Monday, May 2, 2022

SMS: "Relation Proliferation"?

Note: "Setting Matters Straight" is a new format: I post on LinkedIn an online Q&A involving data fundamentals that I subsequently debunk in a post here. This is to encourage readers to test their foundation knowledge against our debunking here, where we confirm what is correct and correct what is fallacious. For in-depth treatments check out the POSTS and our PAPERS, LINKS and BOOKS (or organize one of our on-site/online SEMINARS, which can be customized to specific needs). Questions and comments are welcome here and on LinkedIn.

Q: “How do I avoid too many relations in databases?”

A: “You don’t. Every relation is there to store meaningful data, hopefully you do not define database relations for data that are not to be stored in your database.”

A: “By following proper design principles. Normalization, standard data patterns, and progressing from logical to physical always. Never denormalize (or avoid normalizing in the first place) because performance never trumps accuracy. It really doesn't matter how fast you get the wrong answer.”
--Quora.com

Monday, April 25, 2022

SMS: Relational Database and Set Theory

Note: "Setting Matters Straight" is a new format: I post on LinkedIn an online Q&A involving data fundamentals that I subsequently debunk in a post here. This is to encourage readers to test their foundation knowledge against our debunking here, where we confirm what is correct and correct what is fallacious. For in-depth treatments check out the POSTS and our PAPERS, LINKS and BOOKS (or organize one of our on-site/online SEMINARS, which can be customized to specific needs). Questions and comments are welcome here and on LinkedIn.

Q: “To what extent is relational database theory related to set theory?”

A: “Relational database theory is indeed closely derived from set theory. Many operations in relational data are directly related to common operations one does with sets. In fact, SQL has keywords for them that should sound familiar to someone who has just taken a class in Discrete Mathematics:
  • UNION
  • INTERSECT
  • DIFFERENCE (called MINUS in Oracle)
Even the structure of a table is set-oriented. A table is a set of rows, and a row is a set of columns, and those columns must match the set of columns defined in the table's header.”

--Quora.com

Sunday, April 10, 2022

SMS: Quota Queries

Note: "Setting Matters Straight" (SMS) is a new format: I post on LinkedIn an online Q&A involving data fundamentals that I subsequently debunk in a post here. This is to encourage readers to test their foundation knowledge against our debunking here, where we confirm what is correct and correct what is fallacious. For in-depth treatments check out the POSTS and our PAPERS, LINKS and BOOKS (or organize one of our on-site/online SEMINARS, which can be customized to specific needs). 

Q: “How do you return the most recent record in SQL?”

A: “There are many ways of doing it. I would suggest (first thing came to my mind):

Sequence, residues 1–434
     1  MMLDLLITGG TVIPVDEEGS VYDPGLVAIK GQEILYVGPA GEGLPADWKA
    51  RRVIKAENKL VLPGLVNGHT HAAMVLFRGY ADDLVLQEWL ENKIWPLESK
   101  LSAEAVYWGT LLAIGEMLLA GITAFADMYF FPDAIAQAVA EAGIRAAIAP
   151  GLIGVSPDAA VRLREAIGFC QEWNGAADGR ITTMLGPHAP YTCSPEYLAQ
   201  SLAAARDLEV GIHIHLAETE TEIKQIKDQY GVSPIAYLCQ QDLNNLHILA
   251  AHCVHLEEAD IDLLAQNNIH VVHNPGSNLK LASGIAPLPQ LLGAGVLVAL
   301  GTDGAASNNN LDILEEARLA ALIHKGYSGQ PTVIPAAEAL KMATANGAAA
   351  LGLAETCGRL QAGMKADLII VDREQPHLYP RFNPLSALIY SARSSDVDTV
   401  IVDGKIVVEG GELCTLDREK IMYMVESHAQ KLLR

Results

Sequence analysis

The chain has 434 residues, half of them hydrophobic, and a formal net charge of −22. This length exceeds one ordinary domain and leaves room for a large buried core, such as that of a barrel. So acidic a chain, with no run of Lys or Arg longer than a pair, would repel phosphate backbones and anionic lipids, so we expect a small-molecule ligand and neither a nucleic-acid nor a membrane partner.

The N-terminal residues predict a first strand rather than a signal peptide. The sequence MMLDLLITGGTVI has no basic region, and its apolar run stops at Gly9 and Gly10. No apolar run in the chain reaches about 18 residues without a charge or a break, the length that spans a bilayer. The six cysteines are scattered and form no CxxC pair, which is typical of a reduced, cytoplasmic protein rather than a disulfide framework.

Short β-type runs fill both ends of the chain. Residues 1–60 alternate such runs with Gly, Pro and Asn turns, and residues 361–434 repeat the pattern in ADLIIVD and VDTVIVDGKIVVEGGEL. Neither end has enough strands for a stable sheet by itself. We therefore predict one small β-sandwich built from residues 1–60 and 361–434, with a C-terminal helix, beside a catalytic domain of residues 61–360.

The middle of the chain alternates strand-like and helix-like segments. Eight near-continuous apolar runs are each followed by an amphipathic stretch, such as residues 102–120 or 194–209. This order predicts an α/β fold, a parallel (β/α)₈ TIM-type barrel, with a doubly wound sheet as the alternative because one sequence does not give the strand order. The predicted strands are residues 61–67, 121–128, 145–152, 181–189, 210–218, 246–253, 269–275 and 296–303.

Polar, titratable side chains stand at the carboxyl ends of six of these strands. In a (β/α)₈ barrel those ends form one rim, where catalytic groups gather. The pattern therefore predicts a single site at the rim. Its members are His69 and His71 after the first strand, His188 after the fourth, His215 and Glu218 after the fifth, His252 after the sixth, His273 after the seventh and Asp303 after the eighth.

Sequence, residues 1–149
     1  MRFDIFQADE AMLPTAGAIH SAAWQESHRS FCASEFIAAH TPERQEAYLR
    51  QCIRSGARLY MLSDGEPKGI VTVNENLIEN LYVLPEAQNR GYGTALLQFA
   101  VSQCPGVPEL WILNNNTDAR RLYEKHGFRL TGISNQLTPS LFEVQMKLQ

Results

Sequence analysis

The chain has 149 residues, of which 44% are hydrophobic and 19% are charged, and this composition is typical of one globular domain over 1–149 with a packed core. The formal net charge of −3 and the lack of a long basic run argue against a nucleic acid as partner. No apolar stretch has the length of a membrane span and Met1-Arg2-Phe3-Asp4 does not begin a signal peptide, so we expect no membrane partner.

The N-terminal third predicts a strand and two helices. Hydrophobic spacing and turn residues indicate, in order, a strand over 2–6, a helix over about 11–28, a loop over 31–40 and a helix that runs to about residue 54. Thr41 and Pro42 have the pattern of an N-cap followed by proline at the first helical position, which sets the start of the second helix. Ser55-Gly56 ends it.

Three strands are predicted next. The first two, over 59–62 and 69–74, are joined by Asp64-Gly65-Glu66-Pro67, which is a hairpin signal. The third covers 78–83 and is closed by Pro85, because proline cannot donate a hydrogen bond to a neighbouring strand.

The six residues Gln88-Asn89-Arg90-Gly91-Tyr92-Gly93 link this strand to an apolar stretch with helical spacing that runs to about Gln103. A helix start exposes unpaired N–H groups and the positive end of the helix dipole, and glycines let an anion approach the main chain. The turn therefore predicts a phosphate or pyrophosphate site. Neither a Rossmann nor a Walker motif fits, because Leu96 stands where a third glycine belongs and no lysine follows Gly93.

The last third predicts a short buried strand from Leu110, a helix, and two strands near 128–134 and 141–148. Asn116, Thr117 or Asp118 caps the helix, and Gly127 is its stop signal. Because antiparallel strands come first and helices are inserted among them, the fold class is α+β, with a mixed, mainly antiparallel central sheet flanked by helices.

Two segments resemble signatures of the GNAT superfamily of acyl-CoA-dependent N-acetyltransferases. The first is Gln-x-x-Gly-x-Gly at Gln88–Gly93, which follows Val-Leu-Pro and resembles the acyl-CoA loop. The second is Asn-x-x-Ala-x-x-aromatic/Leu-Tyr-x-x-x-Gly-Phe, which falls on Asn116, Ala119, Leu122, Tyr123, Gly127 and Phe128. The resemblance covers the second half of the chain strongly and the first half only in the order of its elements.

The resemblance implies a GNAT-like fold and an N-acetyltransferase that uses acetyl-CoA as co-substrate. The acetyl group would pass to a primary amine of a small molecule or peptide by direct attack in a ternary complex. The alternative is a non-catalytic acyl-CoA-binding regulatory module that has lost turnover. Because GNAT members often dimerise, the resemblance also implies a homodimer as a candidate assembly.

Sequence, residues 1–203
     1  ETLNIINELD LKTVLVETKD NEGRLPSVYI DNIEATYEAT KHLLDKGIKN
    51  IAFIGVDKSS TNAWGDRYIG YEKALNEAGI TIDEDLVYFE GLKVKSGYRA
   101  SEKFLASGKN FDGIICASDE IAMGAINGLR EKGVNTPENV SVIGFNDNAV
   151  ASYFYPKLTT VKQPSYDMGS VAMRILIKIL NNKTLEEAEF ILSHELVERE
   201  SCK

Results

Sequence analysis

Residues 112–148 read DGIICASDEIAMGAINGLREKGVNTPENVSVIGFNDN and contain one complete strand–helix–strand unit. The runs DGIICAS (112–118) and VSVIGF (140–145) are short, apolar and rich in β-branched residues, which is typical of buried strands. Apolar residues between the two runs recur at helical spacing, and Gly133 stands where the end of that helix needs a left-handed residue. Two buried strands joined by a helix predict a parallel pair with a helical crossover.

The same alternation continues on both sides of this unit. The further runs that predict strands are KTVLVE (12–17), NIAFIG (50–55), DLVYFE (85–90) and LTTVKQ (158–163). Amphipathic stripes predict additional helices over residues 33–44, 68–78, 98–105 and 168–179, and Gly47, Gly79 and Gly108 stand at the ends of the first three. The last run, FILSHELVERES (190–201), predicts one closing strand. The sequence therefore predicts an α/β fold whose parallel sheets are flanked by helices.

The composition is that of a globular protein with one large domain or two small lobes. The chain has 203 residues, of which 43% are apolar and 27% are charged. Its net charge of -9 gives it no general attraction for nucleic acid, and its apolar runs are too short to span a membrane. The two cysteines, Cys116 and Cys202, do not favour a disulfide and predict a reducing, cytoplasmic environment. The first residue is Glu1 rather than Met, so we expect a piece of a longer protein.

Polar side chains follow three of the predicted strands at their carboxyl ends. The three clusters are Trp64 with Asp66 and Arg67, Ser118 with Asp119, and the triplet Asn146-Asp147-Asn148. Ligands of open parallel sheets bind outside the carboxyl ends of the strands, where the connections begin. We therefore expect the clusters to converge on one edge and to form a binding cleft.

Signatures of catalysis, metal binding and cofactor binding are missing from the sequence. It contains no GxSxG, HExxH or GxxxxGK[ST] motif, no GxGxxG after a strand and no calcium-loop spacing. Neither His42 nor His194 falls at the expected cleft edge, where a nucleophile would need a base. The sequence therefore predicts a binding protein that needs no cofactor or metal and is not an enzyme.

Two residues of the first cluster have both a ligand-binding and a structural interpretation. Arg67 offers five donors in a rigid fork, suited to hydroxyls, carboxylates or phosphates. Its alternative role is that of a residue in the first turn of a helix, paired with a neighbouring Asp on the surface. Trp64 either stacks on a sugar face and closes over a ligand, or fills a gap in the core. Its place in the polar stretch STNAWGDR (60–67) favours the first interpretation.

Select Top 1
from YourTable
order by TablePrimaryKey Desc;”
A: “If you mean "the last inserted record which has no datetime stamp field" ... you have a few options.
  • If you cannot use date/time -- your next best bet would be an auto-increment/sequence field, which assigns increasing numbers to each inserted record.
  • If that’s not available, you would have to rely on business logic e.g. order # or some such.
Some vendors, like Oracle, provide ROWID pseudocolumn for each record which might help in some quick’n’dirty cases -- it is not guaranteed to be sequential but could be (e.g., when table has had no DELETE operations).”    --Quora.com

If you don't know, I set matters straight @dbdebunk.com.

Friday, March 25, 2022

SMS: Keys and Indexes

Note: "Setting Matters Straight" is a new format: I post on LinkedIn an online Q&A involving data fundamentals to encourage readers to test their foundation knowledge, which they can then compare with our debunking here, where we confirm what is correct and correct what is fallacious (with clarifications, wherever necessary). For in-depth treatment check out the POSTS and our PAPERS, LINKS and BOOKS (or organize one of our on-site/online SEMINARS, which can be customized to specific needs).


Q: “What is the difference between a primary key, a unique key, and an index in databases?”

A: “Unique key is a field (or fields) with a set of unique values; the uniqueness is usually enforced with UNIQUE constraint. There might be one or more per table. Every PRIMARY key is always a unique key; there should be only one per table. It uniquely identifies record, and is used to enforce integrity - entity integrity, and, in tandem with FOREIGN key, referential integrity. Index is a data structure to facilitate records search. It might be created on PRIMARY key (best practice), unique key or any other field or combination thereof in the table. The limit on how many indices a table might have is defined in RDBMS implementation. An index might - or might not - speed up some queries.”

A: “The primary key is inherently indexed and unique and is the cross reference to related tables. Often the best primary key is an auto number integer as any value entered by humans is subject to error or delay that can be challenging to manage in the user interface ... whereas an auto number is assigned immediately upfront and eliminates any possible record conflict in tables during multi user entries. A unique key is somewhat of an informal definition. My view is that it is a definition of a field that is not being used as the primary key, but is unique unlike i.e. Last Name -- for instance a social security number field. So it is not the primary key as it is not the field/value being used to cross reference to related tables but it is unique in the table.”

A: “A primary key is a unique, non null value which can identify every tuple (row in the table) uniquely. A unique key/column/constraint ensures that no two rows contain the same value (almost the same as primary key). Unless specified explicitly for the column configuration, a NULL is a valid value for column with unique constraint. A index can be thought of as the appendix at the end of the book. The information is sorted in specific order so that look up is easy and it points to the location that is being searched for.”
--Quora.com

Friday, March 18, 2022

SMS: Entities and Records

 

Note: "Setting Matters Straight" is a new format: I post on LinkedIn an online Q&A involving data fundamentals to encourage readers to test their foundation knowledge, which they can then compare with our debunking here, where we confirm what is correct and correct what is fallacious (with clarifications, wherever necessary). For in-depth treatment check out the POSTS and our PAPERS, LINKS and BOOKS (or organize one of our on-site/online SEMINARS, which can be customized to specific needs).